"Crisis Underscores Fears About Safety of Nuclear Energy"

"The official announcement that two reactors at an earthquake-damaged nuclear plant could be suffering meltdowns underscores the Japanese nuclear industry’s troubled history, and years of grass-roots objections from a people uniquely sensitive to the ravages of nuclear destruction."

Source: ,

"Second Explosion at Reactor as Technicians Try to Contain Damage"

"A second explosion rocked a troubled nuclear power plant Monday, blowing the roof off a containment building but not harming the reactor, Japanese nuclear officials announced on public television. The explosion underscores the difficulties Japanese authorities are having in bringing several stricken reactors under control three days after a massive earthquake and a tsunami hit Japan’s northeast coast and shut down the electricity that runs the crucial cooling systems for reactors.

Source: NY Times, 03/14/2011

Evaporating Oil From BP Spill Likely Posed a Health Threat: Study

"A new study about the way oil from the BP Deepwater Horizon accident evaporated into the air confirms that cleanup workers were exposed to high levels of airborne pollution, and that the fumes also may have made their way onshore in Louisiana."

Source: New Orelans Times-Picayune, 03/11/2011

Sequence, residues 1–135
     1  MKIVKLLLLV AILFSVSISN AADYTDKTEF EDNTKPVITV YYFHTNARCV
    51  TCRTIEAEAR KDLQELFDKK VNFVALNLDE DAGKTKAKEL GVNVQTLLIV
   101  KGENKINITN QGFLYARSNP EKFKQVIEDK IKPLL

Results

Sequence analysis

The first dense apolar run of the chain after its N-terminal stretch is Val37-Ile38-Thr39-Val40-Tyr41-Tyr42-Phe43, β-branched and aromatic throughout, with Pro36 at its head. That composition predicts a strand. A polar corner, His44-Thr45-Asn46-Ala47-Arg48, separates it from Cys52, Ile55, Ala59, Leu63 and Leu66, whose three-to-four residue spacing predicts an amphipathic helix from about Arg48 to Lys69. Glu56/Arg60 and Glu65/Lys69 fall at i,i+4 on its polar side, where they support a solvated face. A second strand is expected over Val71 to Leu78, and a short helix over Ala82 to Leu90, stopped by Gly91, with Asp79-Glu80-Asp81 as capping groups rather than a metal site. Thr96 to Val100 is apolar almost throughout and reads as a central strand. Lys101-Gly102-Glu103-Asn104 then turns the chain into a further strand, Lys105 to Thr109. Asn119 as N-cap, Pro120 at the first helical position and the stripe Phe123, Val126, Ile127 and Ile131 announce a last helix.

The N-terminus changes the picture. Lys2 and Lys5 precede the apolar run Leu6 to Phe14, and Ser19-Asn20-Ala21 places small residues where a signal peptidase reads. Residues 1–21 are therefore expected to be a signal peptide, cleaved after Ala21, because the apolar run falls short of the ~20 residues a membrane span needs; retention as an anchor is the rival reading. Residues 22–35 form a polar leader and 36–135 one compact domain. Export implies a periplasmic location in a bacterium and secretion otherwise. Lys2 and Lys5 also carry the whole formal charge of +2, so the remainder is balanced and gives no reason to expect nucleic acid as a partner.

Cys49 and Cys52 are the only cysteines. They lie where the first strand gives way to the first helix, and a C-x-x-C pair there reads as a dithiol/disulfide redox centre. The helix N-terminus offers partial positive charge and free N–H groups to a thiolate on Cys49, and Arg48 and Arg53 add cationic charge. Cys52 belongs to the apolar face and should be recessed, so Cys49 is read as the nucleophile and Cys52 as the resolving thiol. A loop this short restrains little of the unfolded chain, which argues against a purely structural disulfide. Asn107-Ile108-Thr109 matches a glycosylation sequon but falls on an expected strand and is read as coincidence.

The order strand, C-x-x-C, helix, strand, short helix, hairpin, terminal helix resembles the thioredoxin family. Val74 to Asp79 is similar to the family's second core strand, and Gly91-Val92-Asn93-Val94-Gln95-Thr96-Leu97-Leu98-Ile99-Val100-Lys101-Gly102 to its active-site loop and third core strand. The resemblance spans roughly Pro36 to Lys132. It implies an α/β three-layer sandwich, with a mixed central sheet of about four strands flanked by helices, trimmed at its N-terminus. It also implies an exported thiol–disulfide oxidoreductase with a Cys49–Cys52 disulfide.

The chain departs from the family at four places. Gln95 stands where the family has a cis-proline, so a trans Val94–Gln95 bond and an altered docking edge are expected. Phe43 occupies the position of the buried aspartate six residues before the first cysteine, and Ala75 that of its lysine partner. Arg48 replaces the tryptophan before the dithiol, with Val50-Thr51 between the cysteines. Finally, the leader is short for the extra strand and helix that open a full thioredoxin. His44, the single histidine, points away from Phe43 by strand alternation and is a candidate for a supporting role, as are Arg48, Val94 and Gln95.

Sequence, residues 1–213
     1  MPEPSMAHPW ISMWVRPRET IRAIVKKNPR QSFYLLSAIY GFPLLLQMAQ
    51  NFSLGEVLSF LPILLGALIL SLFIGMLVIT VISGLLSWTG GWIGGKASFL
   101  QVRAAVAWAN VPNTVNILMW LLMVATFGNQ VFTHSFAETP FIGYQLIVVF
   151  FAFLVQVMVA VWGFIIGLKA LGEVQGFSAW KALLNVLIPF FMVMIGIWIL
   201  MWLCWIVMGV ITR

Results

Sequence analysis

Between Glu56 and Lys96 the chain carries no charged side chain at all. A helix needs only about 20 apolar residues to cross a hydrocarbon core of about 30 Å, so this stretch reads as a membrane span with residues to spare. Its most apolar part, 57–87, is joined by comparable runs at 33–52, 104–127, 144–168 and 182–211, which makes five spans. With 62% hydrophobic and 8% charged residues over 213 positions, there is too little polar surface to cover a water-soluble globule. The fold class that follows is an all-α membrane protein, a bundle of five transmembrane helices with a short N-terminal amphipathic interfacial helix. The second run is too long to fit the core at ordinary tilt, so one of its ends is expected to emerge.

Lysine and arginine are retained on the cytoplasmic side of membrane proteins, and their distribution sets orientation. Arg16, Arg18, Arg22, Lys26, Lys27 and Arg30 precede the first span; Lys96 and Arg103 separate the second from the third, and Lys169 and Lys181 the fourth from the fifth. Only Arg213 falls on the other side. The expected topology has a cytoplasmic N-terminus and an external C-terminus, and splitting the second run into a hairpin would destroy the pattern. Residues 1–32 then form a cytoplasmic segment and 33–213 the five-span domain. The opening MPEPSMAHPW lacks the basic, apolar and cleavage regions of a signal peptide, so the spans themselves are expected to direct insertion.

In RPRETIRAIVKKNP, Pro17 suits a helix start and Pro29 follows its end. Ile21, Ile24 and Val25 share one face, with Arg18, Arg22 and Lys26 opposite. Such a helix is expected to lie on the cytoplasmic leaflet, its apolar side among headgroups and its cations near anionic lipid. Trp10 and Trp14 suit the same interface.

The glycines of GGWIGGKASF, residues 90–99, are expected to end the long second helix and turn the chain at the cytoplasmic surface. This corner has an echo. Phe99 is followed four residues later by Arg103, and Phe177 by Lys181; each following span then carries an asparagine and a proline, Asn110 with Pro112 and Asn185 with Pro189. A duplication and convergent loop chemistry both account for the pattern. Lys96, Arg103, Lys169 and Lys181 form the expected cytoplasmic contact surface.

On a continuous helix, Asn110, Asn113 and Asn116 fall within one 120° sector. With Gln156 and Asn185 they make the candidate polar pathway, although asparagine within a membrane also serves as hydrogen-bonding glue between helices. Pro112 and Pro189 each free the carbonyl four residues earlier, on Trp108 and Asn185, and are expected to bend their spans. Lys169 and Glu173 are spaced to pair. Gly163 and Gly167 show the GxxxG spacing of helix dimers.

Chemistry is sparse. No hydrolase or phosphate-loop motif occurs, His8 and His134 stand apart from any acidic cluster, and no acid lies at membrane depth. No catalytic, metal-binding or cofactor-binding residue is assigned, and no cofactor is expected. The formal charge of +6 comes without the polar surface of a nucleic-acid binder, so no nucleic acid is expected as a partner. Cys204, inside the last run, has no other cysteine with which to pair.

Tsunami Hits Hawaii; Wash., Ore., Calif. Evac Warnings

An 8.9 magnitude earthquake struck Japan, shutting down major systems, killing at least 40, and causing a tsunami. Nuclear plants were shut down on an emergency basis after the cooling system at one plant failed. Tsunami warnings were issued through much of the Pacific, including Hawaii and parts of the U.S. West Coast and South America. Potential impact of tsunami on Hawaii within minutes of 8 am EST as hotels evacuate vertically.

Source: Wires, 03/11/2011

"Could Cornstarch Have Plugged BP's Oil Well?"

As a kids' plaything, it's called oobleck -- a cornstarch suspension that flows at slow speeds but freezes into a solid when you try to move it fast. Washington University scientist Jonathan Katz has just published an article saying it might have succeeded in a "top kill" of the Deepwater Horizon Gulf well where ordinary drilling mud failed.

Source: NPR, 03/08/2011

"Author Explains History Behind Tunnel Disaster"

An author tells the story of the Hawks Nest, WV, hydroelectric tunnel, whose drilling Union Carbide began in 1927. It was run as a mining operation, but not regulated by any government agency. Of the 5,000 men who worked on the tunnel over 18 months, at least 764 men, mostly African-American migrant workers, died of the industrial disease silicosis, well known even then. Managers wore protective masks during inspection visits, but did not provide any to workers. The company hired doctors to tell the men it was their fault, and buried them in unmarked mass graves. West Virginia kept the story out of the state's history curriculum until last year.

Source: Beckley Register-Herald, 03/07/2011


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